After x-rays, ultrasound and various tests we were confronted with the devastating news that what was ailing him couldn’t be fixed. Even with immediate surgery, the prognosis was poor. Less than three hours later we were retracing our route, returning home without him, in shock from the unexpected loss.
To add to the ache, for the first time in over fifty years there were no canine greetings to distract us when we arrived home. We’ve had many dogs during our lifetime. Our first were Labrador/Shepherd crossbreds. Later I bred, trained and exhibited purebred Shetland Sheepdogs for thirty-five years. We’ve always shared our home with anywhere from two to five dogs at a time, but somehow, after the passing of our last Sheltie, Tynan ended up as our lone canine companion. Now the house is painfully empty.
With this heaviness permeating our hearts and home, how can we obey the admonition to give thanks? It isn’t easy. In fact, it’s very hard today. And yet, while my mind wants to complain bitterly at the sudden loss of our dearly loved companion, at the same time bittersweet memories are bubbling up and bursting out — memories that bring with them joy and thanksgiving, not for what is, but for what has been.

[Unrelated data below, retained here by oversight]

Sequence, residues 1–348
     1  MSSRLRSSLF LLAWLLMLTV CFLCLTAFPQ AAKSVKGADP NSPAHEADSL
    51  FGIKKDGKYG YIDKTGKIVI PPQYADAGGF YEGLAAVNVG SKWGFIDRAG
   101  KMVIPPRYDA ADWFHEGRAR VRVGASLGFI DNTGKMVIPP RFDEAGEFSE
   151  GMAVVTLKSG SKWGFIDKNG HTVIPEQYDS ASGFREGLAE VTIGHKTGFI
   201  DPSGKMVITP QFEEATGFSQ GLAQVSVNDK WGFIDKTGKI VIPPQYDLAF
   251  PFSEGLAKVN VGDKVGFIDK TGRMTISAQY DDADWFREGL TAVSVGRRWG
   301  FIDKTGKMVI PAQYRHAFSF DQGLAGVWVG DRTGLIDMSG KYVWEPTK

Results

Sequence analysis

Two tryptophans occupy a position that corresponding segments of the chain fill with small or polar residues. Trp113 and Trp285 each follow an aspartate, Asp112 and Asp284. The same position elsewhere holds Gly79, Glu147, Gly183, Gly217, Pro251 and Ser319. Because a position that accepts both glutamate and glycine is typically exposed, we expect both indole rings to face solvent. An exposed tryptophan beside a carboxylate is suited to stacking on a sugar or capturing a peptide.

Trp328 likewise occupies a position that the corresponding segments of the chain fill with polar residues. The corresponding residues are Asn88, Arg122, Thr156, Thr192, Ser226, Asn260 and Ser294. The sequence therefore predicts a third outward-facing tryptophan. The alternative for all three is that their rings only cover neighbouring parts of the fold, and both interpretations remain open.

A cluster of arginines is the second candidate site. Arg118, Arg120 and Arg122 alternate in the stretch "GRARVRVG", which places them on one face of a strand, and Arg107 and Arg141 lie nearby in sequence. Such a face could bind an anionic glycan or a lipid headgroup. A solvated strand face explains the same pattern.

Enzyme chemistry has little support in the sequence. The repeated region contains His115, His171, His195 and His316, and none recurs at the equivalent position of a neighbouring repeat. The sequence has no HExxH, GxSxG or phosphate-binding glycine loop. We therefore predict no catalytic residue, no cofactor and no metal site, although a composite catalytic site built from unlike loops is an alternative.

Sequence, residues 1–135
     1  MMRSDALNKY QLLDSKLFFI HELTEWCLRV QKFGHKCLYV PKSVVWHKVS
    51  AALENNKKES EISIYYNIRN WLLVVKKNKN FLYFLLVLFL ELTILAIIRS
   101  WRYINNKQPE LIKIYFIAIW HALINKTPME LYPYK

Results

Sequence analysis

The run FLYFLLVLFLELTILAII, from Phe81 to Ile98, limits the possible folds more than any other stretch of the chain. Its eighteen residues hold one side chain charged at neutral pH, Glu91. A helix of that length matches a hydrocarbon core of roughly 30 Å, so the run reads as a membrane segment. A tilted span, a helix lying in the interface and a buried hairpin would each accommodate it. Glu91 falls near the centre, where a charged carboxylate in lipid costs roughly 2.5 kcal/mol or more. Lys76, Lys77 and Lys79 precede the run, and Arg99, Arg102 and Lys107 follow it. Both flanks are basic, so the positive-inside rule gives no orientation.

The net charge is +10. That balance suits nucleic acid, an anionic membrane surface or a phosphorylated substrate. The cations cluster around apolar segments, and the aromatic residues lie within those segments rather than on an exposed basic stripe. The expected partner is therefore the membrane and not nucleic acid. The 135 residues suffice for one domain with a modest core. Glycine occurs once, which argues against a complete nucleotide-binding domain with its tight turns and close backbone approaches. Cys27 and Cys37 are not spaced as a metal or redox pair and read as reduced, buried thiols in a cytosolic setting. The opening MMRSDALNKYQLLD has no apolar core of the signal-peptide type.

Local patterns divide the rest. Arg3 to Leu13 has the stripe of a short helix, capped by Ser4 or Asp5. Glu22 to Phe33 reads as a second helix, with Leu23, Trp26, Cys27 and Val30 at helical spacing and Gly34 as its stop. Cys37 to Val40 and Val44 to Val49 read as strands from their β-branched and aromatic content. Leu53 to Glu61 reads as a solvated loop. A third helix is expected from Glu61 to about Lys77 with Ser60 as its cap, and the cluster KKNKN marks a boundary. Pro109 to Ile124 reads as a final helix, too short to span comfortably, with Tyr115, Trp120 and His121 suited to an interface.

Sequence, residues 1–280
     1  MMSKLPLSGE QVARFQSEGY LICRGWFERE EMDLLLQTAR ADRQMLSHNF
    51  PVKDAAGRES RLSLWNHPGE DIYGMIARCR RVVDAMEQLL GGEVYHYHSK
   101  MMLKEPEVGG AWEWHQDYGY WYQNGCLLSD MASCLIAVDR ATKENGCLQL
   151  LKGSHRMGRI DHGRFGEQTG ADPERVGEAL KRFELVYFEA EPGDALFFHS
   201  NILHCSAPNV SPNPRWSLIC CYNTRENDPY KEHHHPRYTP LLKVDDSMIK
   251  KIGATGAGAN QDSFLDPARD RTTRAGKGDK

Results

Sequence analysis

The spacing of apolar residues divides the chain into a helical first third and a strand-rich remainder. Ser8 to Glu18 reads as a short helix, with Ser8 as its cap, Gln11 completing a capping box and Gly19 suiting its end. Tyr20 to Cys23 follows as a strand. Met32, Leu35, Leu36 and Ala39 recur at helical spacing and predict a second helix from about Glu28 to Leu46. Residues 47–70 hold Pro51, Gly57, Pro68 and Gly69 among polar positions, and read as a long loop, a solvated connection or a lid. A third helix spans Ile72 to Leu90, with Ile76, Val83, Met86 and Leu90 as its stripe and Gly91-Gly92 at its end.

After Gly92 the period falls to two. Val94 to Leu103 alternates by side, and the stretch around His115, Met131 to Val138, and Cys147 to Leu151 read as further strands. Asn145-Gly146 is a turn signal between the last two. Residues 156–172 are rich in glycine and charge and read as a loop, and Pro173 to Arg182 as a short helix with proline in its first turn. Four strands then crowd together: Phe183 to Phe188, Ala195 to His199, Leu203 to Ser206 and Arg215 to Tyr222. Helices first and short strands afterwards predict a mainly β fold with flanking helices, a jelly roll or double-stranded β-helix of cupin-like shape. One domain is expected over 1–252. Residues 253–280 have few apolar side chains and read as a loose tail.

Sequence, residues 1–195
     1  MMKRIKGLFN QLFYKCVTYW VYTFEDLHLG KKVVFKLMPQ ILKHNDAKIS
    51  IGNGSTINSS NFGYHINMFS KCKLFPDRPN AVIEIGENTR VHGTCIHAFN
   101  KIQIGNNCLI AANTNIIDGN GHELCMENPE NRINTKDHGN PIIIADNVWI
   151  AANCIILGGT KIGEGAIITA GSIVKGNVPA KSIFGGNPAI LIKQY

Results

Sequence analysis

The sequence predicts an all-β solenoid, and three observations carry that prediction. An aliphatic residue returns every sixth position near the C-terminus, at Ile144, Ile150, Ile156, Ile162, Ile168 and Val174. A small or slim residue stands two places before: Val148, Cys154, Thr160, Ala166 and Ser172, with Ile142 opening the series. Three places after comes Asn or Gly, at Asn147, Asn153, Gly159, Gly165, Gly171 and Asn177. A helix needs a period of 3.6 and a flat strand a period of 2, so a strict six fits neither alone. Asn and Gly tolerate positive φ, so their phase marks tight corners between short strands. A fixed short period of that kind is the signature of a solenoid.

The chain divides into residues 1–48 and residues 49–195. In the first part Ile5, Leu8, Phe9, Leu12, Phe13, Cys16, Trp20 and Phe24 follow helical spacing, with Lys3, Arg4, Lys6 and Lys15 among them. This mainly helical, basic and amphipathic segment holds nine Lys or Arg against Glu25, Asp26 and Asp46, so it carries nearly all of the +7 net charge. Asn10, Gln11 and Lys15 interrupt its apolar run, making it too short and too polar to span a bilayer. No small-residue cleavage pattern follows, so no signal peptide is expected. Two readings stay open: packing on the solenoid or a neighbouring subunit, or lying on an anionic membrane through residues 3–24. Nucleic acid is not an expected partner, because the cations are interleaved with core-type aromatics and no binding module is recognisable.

Through my tears I give thanks for:
He had his own toy box, and today the dozens of plush stuffies that he adored and played with but never destroyed, have been washed and put into storage — even the very first fabric squeaky toy made for him by his breeder. There might not be another Labrador in our family, but you never know, perhaps one day some new puppy will come along to adopt them.